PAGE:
Minister of Home Affairs Clement Rohee caused hilarity in Parliament on February 10 when he suggested that during the period around elections 2011, there had been an increase in the number of juvenile inmates at the Sophia holding facility and there had been a consequent rise in the cost of feeding them.
When asked about the increase in expenditure for dietary supplies at the Sophia Juvenile Detention Centre, Rohee elicited laughter when he responded that he could not have predicted the effectiveness of law enforcement.
After a voted provision of $31 million in the 2011 budget, the Home Affairs Ministry was requesting an additional $1.5 million in Financial Paper 7/2011 for the provision of meals. At this sitting of the Committee of Supply, the opposition voted against four items on Financial Paper 7/2011 and rejected the entire Financial Paper 8/2011, citing a paucity of detailed information.
Former Commissioner of Police Winston Felix of APNU asked the Minister of Home Affairs whether at the time of the budget he did not know that it was necessary for adequate dietary items to be provided for the Sophia inmates. He also asked the size of the increase in the number of inmates.
“Madame Chairman, the effectiveness of law enforcement in this respect is not something that could be easily predictable,” Rohee responded; “therefore I was not in a position to predict that the number of inmates would have increased.” He went on to say that the government had to make sure that the inmates were well fed.
He said that there are currently 44 inmates at this facility and the number of inmates increased just around the time of elections in November 2011. “The monies [sought] for dietary for the inmates are quite justifiable given the effectiveness of law enforcement,” Rohee said.
Former Finance Minister in the PNC Carl Greenidge then asked, “Am I to understand the Minister to be saying that there was an increase [in inmates at the detention centre] because of elections?” This Deputy Speaker of the National Assembly, in her capacity as Chairperson of the Committee of Supply, said that this seemed to be the understanding.
On a different chart of account item, Felix asked the Minister of Home Affairs why an expenditure of $94.2 million for fuel and lubricants could not have been anticipated during the preparation of the 2011 budget, since it had been known that elections would have been taking place in 2011.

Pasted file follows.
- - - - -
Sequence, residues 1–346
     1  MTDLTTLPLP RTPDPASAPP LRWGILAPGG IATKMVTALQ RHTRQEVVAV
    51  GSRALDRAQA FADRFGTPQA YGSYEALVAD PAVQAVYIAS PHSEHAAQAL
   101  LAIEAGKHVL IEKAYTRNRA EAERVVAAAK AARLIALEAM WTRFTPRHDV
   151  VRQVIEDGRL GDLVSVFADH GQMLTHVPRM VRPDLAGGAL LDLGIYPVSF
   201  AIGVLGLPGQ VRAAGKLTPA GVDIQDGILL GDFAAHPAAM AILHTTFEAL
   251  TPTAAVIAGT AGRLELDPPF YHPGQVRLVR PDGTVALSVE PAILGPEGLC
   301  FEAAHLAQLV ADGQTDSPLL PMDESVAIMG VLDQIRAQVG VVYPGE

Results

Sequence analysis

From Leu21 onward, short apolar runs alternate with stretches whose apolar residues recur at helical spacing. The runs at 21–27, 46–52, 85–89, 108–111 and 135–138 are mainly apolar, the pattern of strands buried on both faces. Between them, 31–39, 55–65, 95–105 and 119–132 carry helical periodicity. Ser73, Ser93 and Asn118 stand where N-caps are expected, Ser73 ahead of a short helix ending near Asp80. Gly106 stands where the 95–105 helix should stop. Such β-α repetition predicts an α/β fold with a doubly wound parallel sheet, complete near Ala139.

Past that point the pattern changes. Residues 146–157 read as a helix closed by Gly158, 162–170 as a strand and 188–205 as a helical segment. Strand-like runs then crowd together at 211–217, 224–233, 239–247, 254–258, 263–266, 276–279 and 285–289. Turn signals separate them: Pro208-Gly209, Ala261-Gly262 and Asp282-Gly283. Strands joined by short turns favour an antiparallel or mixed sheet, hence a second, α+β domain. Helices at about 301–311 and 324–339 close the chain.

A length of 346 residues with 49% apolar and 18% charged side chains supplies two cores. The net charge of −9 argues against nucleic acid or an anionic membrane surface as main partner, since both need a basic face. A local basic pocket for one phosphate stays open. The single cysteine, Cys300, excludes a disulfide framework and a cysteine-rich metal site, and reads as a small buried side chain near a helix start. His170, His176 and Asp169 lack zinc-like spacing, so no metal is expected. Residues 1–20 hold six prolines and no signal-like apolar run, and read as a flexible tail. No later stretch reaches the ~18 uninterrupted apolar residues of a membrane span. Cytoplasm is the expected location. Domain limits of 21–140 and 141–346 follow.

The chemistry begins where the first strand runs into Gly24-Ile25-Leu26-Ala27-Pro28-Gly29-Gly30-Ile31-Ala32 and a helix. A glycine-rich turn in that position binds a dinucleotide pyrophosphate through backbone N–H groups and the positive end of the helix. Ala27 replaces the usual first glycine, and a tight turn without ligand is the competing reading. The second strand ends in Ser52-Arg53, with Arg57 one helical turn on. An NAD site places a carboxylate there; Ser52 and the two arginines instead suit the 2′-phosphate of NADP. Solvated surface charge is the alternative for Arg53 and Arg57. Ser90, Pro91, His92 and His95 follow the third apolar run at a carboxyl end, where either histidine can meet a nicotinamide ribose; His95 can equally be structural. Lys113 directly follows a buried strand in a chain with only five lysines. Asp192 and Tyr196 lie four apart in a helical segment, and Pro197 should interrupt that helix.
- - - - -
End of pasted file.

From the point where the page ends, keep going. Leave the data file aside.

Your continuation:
Rohee answered and said that the increased expenditure had to do with the increased cost in fuel and the heightened need to carry out patrols. He said also that the police had acquired new vehicles and the additional expenditure had to do with supplying fuel and lubricants for those vehicles.
Regarding an allocation of $206 million for the maintenance of drainage and irrigation structures, APNU’s Amna Ally asked whether the Minister of Agriculture could say what steps that ministry had taken in preparation for the rainy season.
Dr Ramsammy said the allocation for 2011 for the NDIA was $1.1 billion. He said that in the submission to the Ministry of Finance for the NDIA, the Ministry of Agriculture had requested $1.5 billion. “We were not given that amount, we were given $1 billion dollars. In June/July we had indicated to the Ministry of Finance in anticipation of the recess that we would need a supplementary of $410 million to take us to the end of the year and the activities would include making sure that all the pumps were working, making sure that we have fuel and lubricants, etc,” he said.
He continued that the Ministry of Finance in September through a supplementary “gave us $210 million.” He said that this amount still left the Ministry of Agriculture short.
He noted that soon after the Parliament dissolved, the ministry had to carry out a number of activities and this caused further expenses to be incurred. “Madame Chair, we presently have in our fleet of equipment 60 excavators and bulldozers and we also operate 43 pumps across the country. We also support Water Users Associations – 11 of them – across the country, that are in charge of 470,000 rods of drains, canals and channels,” he said.
He went on to say that the $206 million that the ministry is requesting is broken down into $52 million for emergency works and the maintenance of approximately 376,916 rods of D&I channels within the WUA areas. He said that $42 million was utilized to offset the expenses of purchasing fuel and lubricants, while $82 million was spent on the procurement of spare parts and maintenance and $30 million to support additional labour costs and other management expenses.
Ally asked why the preparations which the Minister elaborated on had not prevented flooding in Mahaicony, East Coast, Pomeroon and other areas.
Dr Rupert Roopnaraine of APNU asked whether the government is closer to the point of having the NDIA, which is supposed to be an autonomous agency, receive its own money and account for it. He noted the findings of the latest Auditor General’s Report which pointed to the failure of the Ministry of Finance to hand over NDIA appropriations to the NDIA “so that they could in effect spend their money and make a report to the National Assembly.”
The Minister answered and said that while the agency uses all its money, there has not been the establishment of a separate accounting unit. One constraint, he said, is the increase in staffing that will be required. “We have one accounting department that manages the accounts of each of these agencies,” the Minister said, referring to the agencies that come under the purview of the Ministry of Agriculture.
All the above items were passed by Parliament sitting as the Committee of Supply.